In the midst of a pandemic, on the eve of an election, with yet another challenge to the Affordable Care Act coming before the Supreme Court next month, it’s no surprise that Democrats decided to focus on the future of the health-care law at the confirmation hearings for nominee Amy Coney Barrett.

After all, if you’re waging a losing battle over a court seat, you might as well get some electoral mileage out of it. So the array of glossy photographs that confronted Barrett as the hearings unfolded, featuring individual after individual whose health depends on the continuing protections of the ACA, was no doubt good politics.

As a matter of substance, not so much. Barrett’s nomination is about so much more than a law that has already survived two challenges and is likely, even with a Justice Barrett on the court, to survive this one.

Much more significant, and much more dangerous, is her approach to constitutional interpretation and her announced willingness to overturn cases that she believes were wrongly decided.

Ten years after the ACA’s enactment, the argument by 18 conservative states and the Trump administration that the entire edifice of the law should be demolished, from its expansion of Medicaid eligibility to its protection for individuals with preexisting conditions, is so far-fetched and convoluted that only a lawyer could make it with a straight face.

Here’s how it goes: The original challenge to the ACA centered on the constitutionality of the requirement that all individuals obtain health coverage or else pay a penalty. The court found in 2012 that this “individual mandate” exceeded congressional power to regulate interstate commerce. But the court, led by Chief Justice John G. Roberts Jr., ruled that the penalty, collected by the Internal Revenue Service, constituted a tax and was therefore a legitimate exercise of the congressional taxing power.

This did not sit well with, among others, Barrett, then a law professor, who accused Roberts of having “pushed the Affordable Care Act beyond its plausible meaning to save the statute.”

Flash forward to 2017. Congress refused to repeal the ACA, thanks to the dramatic thumbs-down by then-Arizona Sen. John McCain (R). After that, Congress agreed to get rid of the individual mandate by setting the penalty for noncompliance at zero. It did nothing, and said nothing, about the rest of the law.

Enter Texas and its lawyers. They came up with the argument that by zeroing out the tax penalty, Congress had somehow managed to repeal the entire law — without actually saying so, and having just refused to do precisely that.

This contention has two parts. First, the only thing that saved the law’s constitutionality was interpreting the penalty as a tax. With that tax eliminated, the individual mandate was still technically on the books, and was now unconstitutional.

Second, Texas claims, that meant the entire law had to fall — the mandate could not be severed from the rest of the law. In enacting the ACA, Texas notes, Congress had stated that the law was part of an interoperable whole: the promise that people with preexisting conditions could obtain insurance, and at the same price as others, wouldn’t be financially workable without the individual mandate.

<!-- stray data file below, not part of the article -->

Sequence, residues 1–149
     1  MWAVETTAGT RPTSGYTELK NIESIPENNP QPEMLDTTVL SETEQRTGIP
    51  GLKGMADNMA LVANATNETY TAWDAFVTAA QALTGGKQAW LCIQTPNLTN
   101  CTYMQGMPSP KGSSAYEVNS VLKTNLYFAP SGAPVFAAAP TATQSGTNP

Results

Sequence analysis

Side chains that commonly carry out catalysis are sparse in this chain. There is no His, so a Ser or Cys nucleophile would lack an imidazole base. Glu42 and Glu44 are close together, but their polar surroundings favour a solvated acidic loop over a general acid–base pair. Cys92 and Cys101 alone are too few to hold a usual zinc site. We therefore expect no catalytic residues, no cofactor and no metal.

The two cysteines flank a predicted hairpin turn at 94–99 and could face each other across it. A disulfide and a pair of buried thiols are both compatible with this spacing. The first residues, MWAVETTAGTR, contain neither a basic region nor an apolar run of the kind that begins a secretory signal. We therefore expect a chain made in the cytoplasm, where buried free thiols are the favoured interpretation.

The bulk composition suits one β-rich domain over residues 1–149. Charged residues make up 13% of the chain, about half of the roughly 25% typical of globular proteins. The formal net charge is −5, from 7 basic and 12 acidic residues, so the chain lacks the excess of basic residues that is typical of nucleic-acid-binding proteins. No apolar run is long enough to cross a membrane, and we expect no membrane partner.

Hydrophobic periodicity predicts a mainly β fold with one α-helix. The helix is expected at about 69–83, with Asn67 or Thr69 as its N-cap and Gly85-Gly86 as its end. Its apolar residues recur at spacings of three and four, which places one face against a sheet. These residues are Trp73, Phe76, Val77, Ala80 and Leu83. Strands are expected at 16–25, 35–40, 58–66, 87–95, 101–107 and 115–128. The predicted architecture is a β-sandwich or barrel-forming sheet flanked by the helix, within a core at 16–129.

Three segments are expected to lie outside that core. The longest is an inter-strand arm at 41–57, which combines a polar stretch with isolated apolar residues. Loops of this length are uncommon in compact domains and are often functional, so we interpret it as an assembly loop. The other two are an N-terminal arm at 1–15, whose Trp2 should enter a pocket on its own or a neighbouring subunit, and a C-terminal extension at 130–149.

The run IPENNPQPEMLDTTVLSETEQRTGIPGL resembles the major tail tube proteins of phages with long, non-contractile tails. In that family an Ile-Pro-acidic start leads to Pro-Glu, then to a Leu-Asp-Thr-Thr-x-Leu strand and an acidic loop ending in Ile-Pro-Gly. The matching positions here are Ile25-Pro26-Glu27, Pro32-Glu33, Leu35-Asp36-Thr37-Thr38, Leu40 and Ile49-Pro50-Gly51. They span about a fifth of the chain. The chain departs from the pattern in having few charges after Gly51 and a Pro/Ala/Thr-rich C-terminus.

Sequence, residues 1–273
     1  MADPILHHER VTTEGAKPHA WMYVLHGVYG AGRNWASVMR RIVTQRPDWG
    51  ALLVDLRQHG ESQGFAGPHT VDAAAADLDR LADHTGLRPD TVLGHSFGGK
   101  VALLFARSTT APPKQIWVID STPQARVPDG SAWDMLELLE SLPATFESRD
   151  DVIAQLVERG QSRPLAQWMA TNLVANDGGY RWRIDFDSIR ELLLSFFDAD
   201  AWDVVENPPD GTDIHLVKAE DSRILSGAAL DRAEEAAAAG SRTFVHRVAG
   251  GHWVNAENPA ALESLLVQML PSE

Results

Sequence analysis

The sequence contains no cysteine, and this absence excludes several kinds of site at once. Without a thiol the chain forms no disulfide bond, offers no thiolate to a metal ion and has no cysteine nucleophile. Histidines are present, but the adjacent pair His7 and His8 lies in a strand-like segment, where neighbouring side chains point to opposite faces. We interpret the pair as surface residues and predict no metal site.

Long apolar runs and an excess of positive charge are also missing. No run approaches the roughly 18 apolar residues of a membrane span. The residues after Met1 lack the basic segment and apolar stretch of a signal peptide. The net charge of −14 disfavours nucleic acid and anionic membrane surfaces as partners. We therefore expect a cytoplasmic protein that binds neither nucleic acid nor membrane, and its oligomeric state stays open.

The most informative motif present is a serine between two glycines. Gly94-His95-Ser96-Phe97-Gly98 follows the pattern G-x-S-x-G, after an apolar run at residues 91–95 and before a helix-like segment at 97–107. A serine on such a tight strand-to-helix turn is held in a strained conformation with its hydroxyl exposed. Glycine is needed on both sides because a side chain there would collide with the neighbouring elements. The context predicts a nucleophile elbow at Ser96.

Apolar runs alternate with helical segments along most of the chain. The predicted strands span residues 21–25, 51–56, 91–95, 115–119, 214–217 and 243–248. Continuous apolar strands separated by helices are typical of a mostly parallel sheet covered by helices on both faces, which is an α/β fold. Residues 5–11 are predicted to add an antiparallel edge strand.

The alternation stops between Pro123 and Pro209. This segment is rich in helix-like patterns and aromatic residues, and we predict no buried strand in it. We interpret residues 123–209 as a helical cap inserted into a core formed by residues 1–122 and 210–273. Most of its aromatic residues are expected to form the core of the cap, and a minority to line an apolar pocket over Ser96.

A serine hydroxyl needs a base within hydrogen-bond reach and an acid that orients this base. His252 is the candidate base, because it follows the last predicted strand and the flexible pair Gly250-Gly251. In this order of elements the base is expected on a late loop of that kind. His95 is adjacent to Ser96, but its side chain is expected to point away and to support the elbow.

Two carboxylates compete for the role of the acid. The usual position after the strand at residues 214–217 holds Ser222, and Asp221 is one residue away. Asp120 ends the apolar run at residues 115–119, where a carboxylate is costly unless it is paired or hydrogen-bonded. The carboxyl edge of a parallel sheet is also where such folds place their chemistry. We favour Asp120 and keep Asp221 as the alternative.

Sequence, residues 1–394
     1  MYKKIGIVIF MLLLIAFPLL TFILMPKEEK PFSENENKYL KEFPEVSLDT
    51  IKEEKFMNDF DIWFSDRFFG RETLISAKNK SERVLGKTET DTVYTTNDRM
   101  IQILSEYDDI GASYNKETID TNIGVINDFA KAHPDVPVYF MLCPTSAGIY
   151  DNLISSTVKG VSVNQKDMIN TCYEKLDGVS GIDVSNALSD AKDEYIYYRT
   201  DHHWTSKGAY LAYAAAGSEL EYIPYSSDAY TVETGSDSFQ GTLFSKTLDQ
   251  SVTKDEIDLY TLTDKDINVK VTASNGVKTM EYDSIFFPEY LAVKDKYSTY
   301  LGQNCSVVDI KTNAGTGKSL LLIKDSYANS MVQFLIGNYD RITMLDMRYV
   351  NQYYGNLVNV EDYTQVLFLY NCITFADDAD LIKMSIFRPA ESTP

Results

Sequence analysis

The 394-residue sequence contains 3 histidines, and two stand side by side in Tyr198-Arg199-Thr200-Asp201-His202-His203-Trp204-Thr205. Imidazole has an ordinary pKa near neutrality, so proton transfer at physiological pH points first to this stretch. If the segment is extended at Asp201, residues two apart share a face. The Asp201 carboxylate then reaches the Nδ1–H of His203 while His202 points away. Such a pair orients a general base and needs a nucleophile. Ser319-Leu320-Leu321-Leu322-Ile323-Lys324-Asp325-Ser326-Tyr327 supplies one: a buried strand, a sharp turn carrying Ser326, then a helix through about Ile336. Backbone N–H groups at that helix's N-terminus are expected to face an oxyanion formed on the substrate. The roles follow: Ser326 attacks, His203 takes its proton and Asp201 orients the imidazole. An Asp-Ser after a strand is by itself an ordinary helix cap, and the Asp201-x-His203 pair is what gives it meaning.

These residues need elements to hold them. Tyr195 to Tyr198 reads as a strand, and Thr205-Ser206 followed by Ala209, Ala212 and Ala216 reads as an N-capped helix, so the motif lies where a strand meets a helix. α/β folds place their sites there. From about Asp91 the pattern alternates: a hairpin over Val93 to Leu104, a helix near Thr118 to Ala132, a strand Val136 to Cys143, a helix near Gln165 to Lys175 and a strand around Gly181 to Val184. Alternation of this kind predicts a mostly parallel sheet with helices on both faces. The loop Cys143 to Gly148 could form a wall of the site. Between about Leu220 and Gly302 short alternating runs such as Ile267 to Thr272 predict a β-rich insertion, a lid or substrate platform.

Fair enough. But then came the twin decisions not to repeal the ACA and to do away with the individual mandate. As the House of Representatives argues in its Supreme Court brief, Texas’s argument “bears little connection to reality.” Most remarkable, the brief notes, Texas contends “that imposing an unenforceable insurance mandate was so important that the 2017 Congress would have preferred to see the entire ACA fall rather than see the law continue to operate without such a requirement.”

To win at the Supreme Court, Texas and the law’s other opponents — including, most notably, the Trump administration — must overcome three hurdles. They must show that the plaintiffs have standing to sue because they are somehow injured by the law remaining in place — pretty hard when no one’s being required to buy insurance they don’t want. They must show that the law in its current incarnation is unconstitutional — again, pretty hard since Congress is no longer using its power to regulate commerce to force anyone to do anything.

Most challenging, they must show that if the law is unconstitutional, it falls in its entirety. Here the obstacle is that justices, including conservative justices, have found as recently as their most recent term that prudence dictates the court apply “a strong presumption of severability” — in other words, tweeze out the offending provision but leave the rest of a law in place.

“Constitutional litigation is not a game of gotcha against Congress, where litigants can ride a discrete constitutional flaw in a statute to take down the whole, otherwise constitutional statute,” Justice Brett M. Kavanaugh wrote in an opinion joined by Roberts and Justice Samuel A. Alito Jr.

The good news is that this court is apt to balk at the contention that Congress secretly wanted the whole law to fall. Barrett’s critique of Roberts’s reasoning doesn’t tell us about her views on severability. And, if needed, a Democratic Senate and president could repair the damage.

The bad news, which I wish Democrats would spend more time on, is that there remain ample other reasons to fear Barrett’s arrival.

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